Such station includes a pair of upright tubes 150 positioned on opposite sides of the track 14. The tubes include a plurality of longitudinally aligned openings (not shown) disposed through the tubes and projecting towards the rinse station through which drying gas such as air or nitrogen may be directed preferably in a low angular direction across opposite sides of the wafer W. Such action forces all liquid remaining on the surface of the wafer W to be driven therefrom so that liquid is prevented from evaporating while on the wafer surface and accordingly undesirably depositing contaminants dissolved in such liquids on the surface. The gas is directed from hoses 152 to supporting blocks 154 and then to the aligned openings of the tubes 150.
While both the rinse and dry stations have been shown as stationary with respect to the track 14, it should be brought out that either or both of such stations may be movable. For instance, the rinse pads 146 may be supported so as to move arcuately along the track 14 in a back and forth reciprocal motion to assure a complete rinse of wafers W held by a bracket assembly 26 while such assembly is either stationary or moving with respect to the track. Similarly, the dry tubes 150 could be mounted for such alternate movements.
The load station 56 includes a cover 160 which when removed exposes a shelf 162 on which a wafer indexing or positioning assembly 164 is supported. The positioning assembly 164 includes a tray 166 having opposed upright members 168 for support of a cassette 170 containing a plurality of adjacently disposed upright wafers W. A toothed rack 172 is positioned against and fixedly attached to that edge surface of the tray 166 distal from the main housing 12 of the device 10, that is, opposite to an opening 174 provided within the housing and through which the positioning assembly 164 may operate so as to position wafers serially into position with respect to the bracket assemblies 26 as they are indexed through the machine. The individual teeth of the rack are flat and generally present an upwardly inclined surface and a generally vertical adjacent surface. The entire tray 166 is continually urged in a first direction by means of a spring 176 connected at one end thereof to the shelf 162 by means of a post 178 and at the other end thereof to the rack 172 by means of a bolt or other means 178.
A double acting cylinder 180 operable as by air pressure is mounted to the shelf 162 by means of a bracket 182. The forward end of a piston 184 of such cylinder 180 includes a plate 186 secured thereto. The plate 186 in turn serves to pivotally support a generally L-shaped first pawl 188. The first pawl includes a handle 190 and a body portion 192 from which a downwardly extending tooth (not shown) is adapted to engage the forward and generally vertically orientated surface of one of the teeth of the toothed rack 172. Disposed adjacent the plate 186 is a support or arbor 194 to which a second pawl 196 is pivotally attached. The second pawl includes a handle portion 198 adapted to overlie a portion of the body section 192 of the first pawl 188. Both of the pawls are free to pivot about their pivot points as by gravity such that when the double acting cylinder moves initially in a first direction or as to the right as shown in FIG. 3, the tooth of the first pawl will ride over the upwardly slanted tooth portion of the rack 172 and thereafter after having traveled the distance equivalent to the width of one of the rack teeth, drops into engagement with the upright or vertically orientated tooth surface thereof. Upon reciprocal travel of the cylinder 180 in the opposite direction (to the left as shown in FIG. 3), the first pawl tooth through its engagement with the rack 172, pulls the rack to the left and accordingly indexes one of the wafers W in alignment with the open face of the U-shaped bracket 28 positioned on the other side of the track 14 adjacent opening 60 thereof. Also, although the rack 172 is continually urged to the right by the spring 176, such motion is prevented by the second pawl 196 which upon travel of the rack 172 to the left, is free to upwardly ride on the slanted surface of an adjacent rack tooth and thereafter drop into place against the upright face of such tooth. The second pawl thus prevents the return of the rack to the right. In this manner then, the cassette 170 can be indexed one position at a time to the left (in a second direction), such that each wafer may be sequentially positioned for presentation to the pusher assembly 200 which then serially forces each such aligned wafer into the bracket assembly 26.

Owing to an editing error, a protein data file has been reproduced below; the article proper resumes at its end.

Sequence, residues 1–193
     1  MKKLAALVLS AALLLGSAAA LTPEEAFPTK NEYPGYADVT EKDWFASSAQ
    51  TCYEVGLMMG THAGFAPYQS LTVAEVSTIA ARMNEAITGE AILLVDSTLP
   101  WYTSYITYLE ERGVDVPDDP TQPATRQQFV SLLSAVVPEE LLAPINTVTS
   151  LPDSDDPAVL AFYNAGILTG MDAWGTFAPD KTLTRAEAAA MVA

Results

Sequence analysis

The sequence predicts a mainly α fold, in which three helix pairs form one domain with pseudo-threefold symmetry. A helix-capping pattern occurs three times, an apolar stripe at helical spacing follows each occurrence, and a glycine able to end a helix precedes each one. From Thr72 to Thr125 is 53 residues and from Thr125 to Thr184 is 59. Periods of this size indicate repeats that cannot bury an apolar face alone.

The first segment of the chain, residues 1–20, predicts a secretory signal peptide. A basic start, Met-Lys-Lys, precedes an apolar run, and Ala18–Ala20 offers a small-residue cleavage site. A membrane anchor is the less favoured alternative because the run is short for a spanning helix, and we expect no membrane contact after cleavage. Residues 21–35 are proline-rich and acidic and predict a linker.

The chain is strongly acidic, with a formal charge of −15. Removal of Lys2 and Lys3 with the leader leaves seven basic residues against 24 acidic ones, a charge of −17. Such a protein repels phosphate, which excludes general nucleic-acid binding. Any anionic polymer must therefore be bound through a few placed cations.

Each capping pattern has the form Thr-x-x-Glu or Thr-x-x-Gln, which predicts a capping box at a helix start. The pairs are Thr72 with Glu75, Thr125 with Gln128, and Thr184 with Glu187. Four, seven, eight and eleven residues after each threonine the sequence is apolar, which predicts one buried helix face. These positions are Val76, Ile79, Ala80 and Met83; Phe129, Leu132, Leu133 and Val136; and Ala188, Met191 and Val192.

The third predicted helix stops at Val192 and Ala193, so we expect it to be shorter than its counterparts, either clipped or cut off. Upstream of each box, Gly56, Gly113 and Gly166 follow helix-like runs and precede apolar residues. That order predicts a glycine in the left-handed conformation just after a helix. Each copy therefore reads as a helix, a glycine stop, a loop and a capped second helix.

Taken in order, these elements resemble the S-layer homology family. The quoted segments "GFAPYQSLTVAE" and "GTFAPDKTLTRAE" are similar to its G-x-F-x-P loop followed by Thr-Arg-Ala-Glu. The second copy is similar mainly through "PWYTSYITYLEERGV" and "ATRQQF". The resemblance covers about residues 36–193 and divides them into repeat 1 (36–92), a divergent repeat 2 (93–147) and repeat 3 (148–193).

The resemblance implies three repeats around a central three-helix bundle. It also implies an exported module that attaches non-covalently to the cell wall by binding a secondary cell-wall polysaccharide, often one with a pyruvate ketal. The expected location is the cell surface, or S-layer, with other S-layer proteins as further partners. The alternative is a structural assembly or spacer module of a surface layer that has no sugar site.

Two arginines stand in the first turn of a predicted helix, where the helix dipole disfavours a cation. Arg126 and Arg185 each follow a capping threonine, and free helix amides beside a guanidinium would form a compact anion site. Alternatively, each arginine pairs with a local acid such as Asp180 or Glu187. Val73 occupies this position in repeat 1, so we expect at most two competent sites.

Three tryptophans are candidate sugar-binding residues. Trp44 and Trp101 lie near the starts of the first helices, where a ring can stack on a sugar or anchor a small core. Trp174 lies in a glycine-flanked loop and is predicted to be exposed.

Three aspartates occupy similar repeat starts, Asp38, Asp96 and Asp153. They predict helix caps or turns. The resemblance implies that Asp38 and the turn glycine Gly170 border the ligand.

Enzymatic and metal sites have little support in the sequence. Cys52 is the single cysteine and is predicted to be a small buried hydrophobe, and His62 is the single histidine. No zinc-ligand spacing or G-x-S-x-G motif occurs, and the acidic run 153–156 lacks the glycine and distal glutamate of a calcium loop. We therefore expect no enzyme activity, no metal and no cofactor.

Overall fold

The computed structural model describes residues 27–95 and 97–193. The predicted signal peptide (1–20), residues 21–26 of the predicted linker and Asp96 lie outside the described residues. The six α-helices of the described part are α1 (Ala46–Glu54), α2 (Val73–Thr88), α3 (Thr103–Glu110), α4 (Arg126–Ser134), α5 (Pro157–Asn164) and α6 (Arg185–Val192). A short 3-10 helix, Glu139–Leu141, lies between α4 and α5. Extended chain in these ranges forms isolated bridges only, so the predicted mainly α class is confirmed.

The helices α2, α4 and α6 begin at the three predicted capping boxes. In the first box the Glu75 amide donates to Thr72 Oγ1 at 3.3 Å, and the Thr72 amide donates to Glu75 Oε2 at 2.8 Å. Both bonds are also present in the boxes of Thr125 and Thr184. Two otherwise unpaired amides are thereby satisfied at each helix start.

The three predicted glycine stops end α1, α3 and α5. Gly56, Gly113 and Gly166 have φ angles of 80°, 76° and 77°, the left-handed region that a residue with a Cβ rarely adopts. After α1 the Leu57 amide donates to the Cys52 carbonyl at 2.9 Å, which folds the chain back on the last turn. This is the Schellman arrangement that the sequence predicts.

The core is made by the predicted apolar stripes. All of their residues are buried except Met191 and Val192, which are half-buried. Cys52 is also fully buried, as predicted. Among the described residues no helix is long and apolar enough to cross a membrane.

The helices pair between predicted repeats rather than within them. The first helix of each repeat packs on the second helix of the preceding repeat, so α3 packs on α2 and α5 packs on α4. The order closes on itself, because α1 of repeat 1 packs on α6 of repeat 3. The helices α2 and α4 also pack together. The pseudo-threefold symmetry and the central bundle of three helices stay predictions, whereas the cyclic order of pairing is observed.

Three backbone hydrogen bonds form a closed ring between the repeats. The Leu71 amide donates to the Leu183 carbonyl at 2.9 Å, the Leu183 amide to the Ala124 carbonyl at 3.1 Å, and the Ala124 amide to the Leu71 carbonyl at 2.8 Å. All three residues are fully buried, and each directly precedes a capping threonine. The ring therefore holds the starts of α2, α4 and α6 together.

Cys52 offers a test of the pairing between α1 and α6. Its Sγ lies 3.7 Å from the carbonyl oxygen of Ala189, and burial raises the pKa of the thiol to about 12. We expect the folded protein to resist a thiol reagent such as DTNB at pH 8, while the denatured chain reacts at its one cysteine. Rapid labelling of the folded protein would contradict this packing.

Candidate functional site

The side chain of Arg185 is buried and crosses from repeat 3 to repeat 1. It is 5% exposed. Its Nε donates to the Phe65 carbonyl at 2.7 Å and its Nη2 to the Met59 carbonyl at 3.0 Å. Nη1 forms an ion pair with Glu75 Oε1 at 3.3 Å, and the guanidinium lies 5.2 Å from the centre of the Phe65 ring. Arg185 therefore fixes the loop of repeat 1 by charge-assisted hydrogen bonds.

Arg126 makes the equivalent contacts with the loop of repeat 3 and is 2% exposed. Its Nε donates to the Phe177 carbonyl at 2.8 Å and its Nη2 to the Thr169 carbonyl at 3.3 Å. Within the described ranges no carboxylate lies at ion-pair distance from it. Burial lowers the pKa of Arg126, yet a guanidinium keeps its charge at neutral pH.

The pusher assembly includes a generally L-shaped support 202 connected to the shelf 162 and from which a guide block 204 is mounted. The guide block 204 in turn includes a guide slot 206 in which a thin, elongated pushing element 208 is slidable disposed. The pushing element 208 includes a downwardly extending handle portion 210 in turn connected to the piston 212 of another reciprocating cylinder 214. The cylinder 214 is in turn attached to the shelf 162 and enables the pushing finger or element 208 to reciprocate through the open end of the cassette 170 so as to contact an edge of the wafer W aligned therewith and force such wafer through the opening 60 and into aligned position between pairs of bifurcated contact fingers 36 inwardly extending from the bracket 28. Wafers are accordingly positioned in the bracket for indexing through the various cleaning stations of the present device.